A 350-mile match race to relaunch the Carthago Dilecta Est, which has been suspended for two years due to the difficult political situation in Tunisia (which has now approved a new Constitution). Last Saturday, Matteo Miceli and Mario Girelli set off on the Fiumicino-Hammamet route aboard their boats (Eco 40 and Patricia II, respectively) to beat the time set in 2012 by the Akilaria Rosa di Mare of Venetians Massimo Juris and Giampaolo Rinaldo.
WHAT A “BOMBSHELL,” GIRELLI!
Conditions were good, and Mario Girelli’s Class 40 came out on top by finishing in 39 hours, 24 minutes and 23 seconds (a far shorter time than the more than 63 hours taken by Juris and Rinaldo).Miceli took 40 hours, 18 minutes and 58 seconds.
HELPED BY 30 KNOTS
Mario Girelli is obviously pleased to have tied his name to this record: “It was a fantastic ride during which we glided so much, because the wind from the northwest was just right. From 20 to 30 knots almost nonstop that brought us here to Hammamet in less than two days. The boat went very well after problems with a halyard we had at the start, and on board, with Natale Marcallini and Roberta Lancillotti, we had no problems in managing the boat and the shifts.”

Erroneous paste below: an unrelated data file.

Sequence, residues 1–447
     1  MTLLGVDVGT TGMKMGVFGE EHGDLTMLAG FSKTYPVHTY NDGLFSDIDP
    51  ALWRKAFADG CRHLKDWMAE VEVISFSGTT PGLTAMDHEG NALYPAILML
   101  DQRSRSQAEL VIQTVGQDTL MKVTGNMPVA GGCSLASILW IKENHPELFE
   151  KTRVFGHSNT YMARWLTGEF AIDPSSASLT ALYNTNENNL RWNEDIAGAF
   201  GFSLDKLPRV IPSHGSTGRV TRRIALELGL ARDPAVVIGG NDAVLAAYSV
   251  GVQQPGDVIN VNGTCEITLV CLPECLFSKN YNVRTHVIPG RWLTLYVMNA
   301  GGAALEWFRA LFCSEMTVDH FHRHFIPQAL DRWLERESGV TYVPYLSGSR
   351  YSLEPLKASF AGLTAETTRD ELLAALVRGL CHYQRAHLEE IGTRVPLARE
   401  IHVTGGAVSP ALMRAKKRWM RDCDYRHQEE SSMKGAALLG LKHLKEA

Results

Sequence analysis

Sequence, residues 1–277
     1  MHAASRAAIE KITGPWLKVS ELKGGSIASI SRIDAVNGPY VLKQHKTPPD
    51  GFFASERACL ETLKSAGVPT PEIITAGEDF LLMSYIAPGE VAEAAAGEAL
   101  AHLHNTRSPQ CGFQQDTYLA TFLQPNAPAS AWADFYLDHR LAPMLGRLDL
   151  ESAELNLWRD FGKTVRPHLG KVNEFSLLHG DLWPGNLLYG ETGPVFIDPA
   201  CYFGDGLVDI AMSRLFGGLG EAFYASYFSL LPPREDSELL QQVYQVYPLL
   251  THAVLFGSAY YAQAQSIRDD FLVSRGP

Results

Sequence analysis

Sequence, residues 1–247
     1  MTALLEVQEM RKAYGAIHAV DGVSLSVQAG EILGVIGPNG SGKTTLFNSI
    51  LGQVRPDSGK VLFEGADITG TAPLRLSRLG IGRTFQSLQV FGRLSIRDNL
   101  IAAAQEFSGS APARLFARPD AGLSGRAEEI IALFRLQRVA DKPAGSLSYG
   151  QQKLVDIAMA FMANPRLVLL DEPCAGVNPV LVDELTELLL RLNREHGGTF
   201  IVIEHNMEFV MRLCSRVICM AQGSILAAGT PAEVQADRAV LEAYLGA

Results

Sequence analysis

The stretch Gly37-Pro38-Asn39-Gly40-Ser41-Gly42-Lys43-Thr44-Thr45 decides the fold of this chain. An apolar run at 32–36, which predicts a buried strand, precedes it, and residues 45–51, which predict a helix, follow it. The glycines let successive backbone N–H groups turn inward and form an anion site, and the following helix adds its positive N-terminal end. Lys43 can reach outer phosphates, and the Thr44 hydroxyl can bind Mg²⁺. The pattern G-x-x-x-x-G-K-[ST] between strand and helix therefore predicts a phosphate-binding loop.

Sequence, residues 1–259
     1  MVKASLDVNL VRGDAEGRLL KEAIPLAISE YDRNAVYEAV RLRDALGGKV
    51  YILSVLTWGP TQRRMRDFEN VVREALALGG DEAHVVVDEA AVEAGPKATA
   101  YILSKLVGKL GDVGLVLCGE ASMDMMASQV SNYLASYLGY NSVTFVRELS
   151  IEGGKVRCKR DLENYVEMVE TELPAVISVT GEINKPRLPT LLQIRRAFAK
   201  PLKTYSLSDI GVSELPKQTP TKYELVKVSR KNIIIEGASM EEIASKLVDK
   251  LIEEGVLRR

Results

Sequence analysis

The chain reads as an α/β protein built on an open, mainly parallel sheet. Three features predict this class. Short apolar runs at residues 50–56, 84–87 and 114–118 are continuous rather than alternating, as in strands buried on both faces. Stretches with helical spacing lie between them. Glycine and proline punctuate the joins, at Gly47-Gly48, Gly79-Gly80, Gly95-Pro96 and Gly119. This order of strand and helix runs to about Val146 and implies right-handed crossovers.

DRESS REHEARSAL FOR MICELI
For Matteo Miceli there is the bitterness of an eluded record. But not even that much. “I am really happy with how the boat went, which, it should not be forgotten, is practically brand new. I learned a lot from this crossing, including about the limits this hull still has and the room for improvement. I first broke the spi sock with all the consequences, then the mainsail and then also the second smaller spi. From Marettimo on we lost everything and I followed Mario only with the jib.” On board with Matteo was his companion of many adventures, Valerio Brinati, and two university professors, Paolo De Girolamo, professor of Hydraulic Engineering at La Sapienza University in Rome, and Giorgio Bellotti, also an engineer and researcher at Roma 3 University. From their findings Miceli awaits indications to further improve his ECO 40 ahead of the “eco-sustainable” solo round-the-world race in which the Roman sailor will embark starting next October.